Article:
Spanning the battery technology field from basic materials research and diagnostics to prototyping and post-test analyses.
For more than fifty years, Argonne has produced pivotal scientific discoveries in energy storage, including the 1990s invention of a revolutionary cathode material from a nickel-manganese-cobalt (NMC) mix that significantly advanced the science of energy storage. The NMC cathode has been licensed to several major electric vehicle manufacturers including General Motors, BASF, TODA America and LG Chem, and is in worldwide use, including in the Chevy Volt and Chevy Bolt.
Argonne’s demonstrated achievement in meeting a spectrum of energy storage challenges includes a portfolio of more than 250 patented advanced cathode, anode, electrolyte, and additive components for lithium-ion, lithium-air, lithium-sulfur, sodium-ion and flow batteries. One arm of the laboratory’s energy storage work, the Argonne Collaborative Center for Energy Storage Science, leverages multidisciplinary teams, world-class facilities and powerful scientific tools to help public- and private-sector partners turn scientific discovery into technology solutions.
Today, Argonne’s energy storage R&D portfolio spans the entire value chain, from materials discovery and characterization, through exploration of new battery chemistries, scale-up and testing, to recycling and extraction of critical materials.
Our researchers have increased the energy density and lowered the cost of next-generation battery materials for transportation and the grid in collaboration with our partners in the U.S. Department of Energy’s (DOE) Joint Center for Energy Storage Research. Together, we continue to pioneer new approaches to designing materials using high-performance computing and artificial intelligence, including the discovery of new functionalized organic molecules as platforms for organic redox flow batteries.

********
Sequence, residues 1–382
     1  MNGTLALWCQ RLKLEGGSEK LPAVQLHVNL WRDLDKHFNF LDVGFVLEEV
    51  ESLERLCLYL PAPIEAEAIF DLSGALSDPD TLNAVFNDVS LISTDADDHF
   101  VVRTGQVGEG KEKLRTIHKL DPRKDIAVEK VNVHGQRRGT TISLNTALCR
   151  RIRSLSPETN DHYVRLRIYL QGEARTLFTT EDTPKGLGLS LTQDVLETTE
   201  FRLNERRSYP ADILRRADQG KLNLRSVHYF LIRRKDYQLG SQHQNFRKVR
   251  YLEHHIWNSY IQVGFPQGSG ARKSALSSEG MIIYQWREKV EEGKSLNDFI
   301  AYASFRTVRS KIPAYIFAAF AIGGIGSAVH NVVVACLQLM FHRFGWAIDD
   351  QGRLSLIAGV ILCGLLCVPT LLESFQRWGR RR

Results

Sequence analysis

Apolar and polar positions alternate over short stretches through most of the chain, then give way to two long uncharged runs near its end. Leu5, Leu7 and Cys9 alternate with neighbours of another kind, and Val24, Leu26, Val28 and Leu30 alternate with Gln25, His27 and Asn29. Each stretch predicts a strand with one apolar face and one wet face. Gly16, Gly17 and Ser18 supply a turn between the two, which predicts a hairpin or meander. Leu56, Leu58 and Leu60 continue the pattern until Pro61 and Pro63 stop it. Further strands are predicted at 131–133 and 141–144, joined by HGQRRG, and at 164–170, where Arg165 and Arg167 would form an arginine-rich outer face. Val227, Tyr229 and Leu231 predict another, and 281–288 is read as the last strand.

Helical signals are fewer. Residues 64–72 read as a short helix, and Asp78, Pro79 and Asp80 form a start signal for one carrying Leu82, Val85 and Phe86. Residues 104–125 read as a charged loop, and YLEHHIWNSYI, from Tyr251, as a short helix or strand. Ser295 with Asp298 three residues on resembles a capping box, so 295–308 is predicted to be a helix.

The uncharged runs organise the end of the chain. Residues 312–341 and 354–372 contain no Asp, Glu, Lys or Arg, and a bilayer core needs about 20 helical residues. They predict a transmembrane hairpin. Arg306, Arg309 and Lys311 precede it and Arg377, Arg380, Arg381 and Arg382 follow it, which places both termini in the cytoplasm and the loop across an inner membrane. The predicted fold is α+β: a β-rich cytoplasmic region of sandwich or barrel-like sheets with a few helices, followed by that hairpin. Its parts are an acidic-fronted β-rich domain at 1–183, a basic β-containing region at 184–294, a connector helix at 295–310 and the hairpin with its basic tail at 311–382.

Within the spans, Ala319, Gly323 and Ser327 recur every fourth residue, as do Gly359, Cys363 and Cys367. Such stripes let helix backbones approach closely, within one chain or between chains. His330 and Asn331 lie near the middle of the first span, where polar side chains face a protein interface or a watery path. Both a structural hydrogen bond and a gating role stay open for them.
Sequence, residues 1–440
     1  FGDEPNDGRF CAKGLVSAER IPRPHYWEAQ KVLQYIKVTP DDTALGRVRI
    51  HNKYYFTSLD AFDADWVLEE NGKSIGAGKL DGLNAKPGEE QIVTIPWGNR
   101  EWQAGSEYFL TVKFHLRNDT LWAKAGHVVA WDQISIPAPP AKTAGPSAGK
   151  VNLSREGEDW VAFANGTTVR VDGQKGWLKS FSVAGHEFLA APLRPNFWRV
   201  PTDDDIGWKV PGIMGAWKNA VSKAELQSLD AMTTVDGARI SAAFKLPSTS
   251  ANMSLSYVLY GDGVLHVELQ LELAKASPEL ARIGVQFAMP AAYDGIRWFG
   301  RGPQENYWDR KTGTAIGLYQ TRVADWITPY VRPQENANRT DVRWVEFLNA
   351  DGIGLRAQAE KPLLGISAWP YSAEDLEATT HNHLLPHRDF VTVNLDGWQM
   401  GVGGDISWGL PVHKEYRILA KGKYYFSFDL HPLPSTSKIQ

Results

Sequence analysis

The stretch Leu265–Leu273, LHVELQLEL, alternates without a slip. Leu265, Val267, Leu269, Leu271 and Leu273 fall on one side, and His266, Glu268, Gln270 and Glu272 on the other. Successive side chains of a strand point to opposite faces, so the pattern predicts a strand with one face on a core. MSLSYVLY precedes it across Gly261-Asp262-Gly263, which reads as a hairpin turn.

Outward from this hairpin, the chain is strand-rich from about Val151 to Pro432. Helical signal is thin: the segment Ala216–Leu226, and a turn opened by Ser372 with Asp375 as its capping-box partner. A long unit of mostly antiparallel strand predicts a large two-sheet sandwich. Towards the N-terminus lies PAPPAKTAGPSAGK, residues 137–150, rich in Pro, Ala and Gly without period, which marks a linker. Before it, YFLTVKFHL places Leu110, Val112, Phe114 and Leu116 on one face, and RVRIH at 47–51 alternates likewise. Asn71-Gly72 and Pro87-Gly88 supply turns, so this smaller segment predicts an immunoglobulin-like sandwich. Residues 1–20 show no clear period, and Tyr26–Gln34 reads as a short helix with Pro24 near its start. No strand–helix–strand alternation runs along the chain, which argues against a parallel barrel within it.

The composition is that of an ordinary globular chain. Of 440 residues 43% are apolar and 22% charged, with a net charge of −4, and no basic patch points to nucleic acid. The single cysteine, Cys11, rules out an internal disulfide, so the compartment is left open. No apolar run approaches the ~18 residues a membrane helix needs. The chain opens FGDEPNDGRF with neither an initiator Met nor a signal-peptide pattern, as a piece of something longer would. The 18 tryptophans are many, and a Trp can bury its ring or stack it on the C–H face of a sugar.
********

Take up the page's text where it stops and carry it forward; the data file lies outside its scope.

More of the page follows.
In the area of materials scale-up and testing, Argonne is the home to the Materials Engineering Research Facility, where researchers develop economical, scalable processes for the manufacture of cathode, anode, electrolyte, separator, and additive materials using a variety of innovative manufacturing processes integrated with in situ characterization, high-performance computing, and artificial intelligence. We are also a member of the DOE-funded Roll-to-Roll Collaboration, advancing simplified roll-to-roll manufacturing and processing technologies for clean energy applications.
Argonne’s work on recycling and extraction of critical materials helps build broad strategies for securing a sustainable, low-carbon supply chain for lithium-based batteries. We lead DOE’s ReCell Center for advanced battery recycling. Our researchers develop and use state-of-the-art lifecycle analysis and techno-economic modeling tools to quantify greenhouse gas emissions reductions and cost benefits. Argonne also conducts end-to-end dynamic supply chain analysis for battery materials to identify vulnerabilities and develop strategies to mitigate the effects of market disruptions.
Argonne also leads the Electrocatalysis Consortium (ElectroCat) with DOE’s Los Alamos National Laboratory. ElectroCat targets the development of catalysts free of expensive platinum-group metals for proton-exchange membrane fuel cell cathodes and for alkaline and proton exchange membrane electrolyzer anodes.
Beyond the development of batteries and fuel cells, our R&D accelerates vehicle electrification technologies, analyzes their impact on greenhouse gas emissions, and advances pumped storage hydropower as an alternative to battery storage.
Argonne teams also study hydrogen as a potential future replacement for fossil fuels in transportation and industry, evaluate the potential impacts of nuclear reactors to generate carbon-free electricity for battery-powered electric vehicles, and have designed a microreactor tailored for charging of electric trucks at rest stops. Through our Center for Transportation Research and the Smart Energy Plaza, we are also advancing technologies for fast-charging and integration of electric vehicle charging with the grid.